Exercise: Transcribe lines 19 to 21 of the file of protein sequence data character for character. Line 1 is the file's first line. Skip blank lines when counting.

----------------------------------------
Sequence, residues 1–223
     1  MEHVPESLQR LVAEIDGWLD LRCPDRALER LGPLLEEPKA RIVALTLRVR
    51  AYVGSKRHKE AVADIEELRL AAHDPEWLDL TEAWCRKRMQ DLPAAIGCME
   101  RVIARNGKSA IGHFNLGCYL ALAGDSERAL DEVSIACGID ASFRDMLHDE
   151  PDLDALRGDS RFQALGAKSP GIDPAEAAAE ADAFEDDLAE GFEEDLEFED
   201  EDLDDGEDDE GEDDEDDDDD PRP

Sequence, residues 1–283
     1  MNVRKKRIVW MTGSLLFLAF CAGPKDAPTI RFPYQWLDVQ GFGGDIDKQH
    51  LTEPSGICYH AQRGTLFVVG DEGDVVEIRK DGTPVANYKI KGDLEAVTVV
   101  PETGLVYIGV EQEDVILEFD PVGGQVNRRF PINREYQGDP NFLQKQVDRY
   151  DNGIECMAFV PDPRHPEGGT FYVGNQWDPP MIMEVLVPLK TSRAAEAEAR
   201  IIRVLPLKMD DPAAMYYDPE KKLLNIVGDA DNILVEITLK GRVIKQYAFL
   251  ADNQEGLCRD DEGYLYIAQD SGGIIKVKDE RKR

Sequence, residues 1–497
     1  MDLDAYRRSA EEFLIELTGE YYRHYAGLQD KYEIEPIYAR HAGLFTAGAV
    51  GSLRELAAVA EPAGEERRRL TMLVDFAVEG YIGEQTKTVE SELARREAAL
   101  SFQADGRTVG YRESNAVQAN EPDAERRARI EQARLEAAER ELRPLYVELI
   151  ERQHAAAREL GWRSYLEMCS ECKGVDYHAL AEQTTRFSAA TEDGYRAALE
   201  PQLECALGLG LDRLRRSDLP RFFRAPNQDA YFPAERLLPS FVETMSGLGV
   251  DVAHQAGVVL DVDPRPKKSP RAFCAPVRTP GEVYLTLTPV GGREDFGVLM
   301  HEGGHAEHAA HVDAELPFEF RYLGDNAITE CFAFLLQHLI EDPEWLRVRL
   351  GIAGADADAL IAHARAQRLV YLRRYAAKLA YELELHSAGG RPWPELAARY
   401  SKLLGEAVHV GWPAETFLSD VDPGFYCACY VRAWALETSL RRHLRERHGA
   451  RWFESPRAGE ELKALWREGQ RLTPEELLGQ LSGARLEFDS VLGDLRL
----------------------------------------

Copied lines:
   201  PQLECALGLG LDRLRRSDLP RFFRAPNQDA YFPAERLLPS FVETMSGLGV
   251  DVAHQAGVVL DVDPRPKKSP RAFCAPVRTP GEVYLTLTPV GGREDFGVLM
   301  HEGGHAEHAA HVDAELPFEF RYLGDNAITE CFAFLLQHLI EDPEWLRVRL